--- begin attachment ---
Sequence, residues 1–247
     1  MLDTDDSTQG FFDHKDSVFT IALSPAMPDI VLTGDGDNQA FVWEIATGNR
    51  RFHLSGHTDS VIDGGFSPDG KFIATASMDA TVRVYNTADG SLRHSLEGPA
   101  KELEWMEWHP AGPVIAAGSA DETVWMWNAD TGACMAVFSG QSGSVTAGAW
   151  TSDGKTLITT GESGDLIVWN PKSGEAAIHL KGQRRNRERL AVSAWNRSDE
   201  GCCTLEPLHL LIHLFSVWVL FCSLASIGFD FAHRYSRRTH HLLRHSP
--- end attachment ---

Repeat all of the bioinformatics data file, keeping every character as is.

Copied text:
Sequence, residues 1–247
     1  MLDTDDSTQG FFDHKDSVFT IALSPAMPDI VLTGDGDNQA FVWEIATGNR
    51  RFHLSGHTDS VIDGGFSPDG KFIATASMDA TVRVYNTADG SLRHSLEGPA
   101  KELEWMEWHP AGPVIAAGSA DETVWMWNAD TGACMAVFSG QSGSVTAGAW
   151  TSDGKTLITT GESGDLIVWN PKSGEAAIHL KGQRRNRERL AVSAWNRSDE
   201  GCCTLEPLHL LIHLFSVWVL FCSLASIGFD FAHRYSRRTH HLLRHSP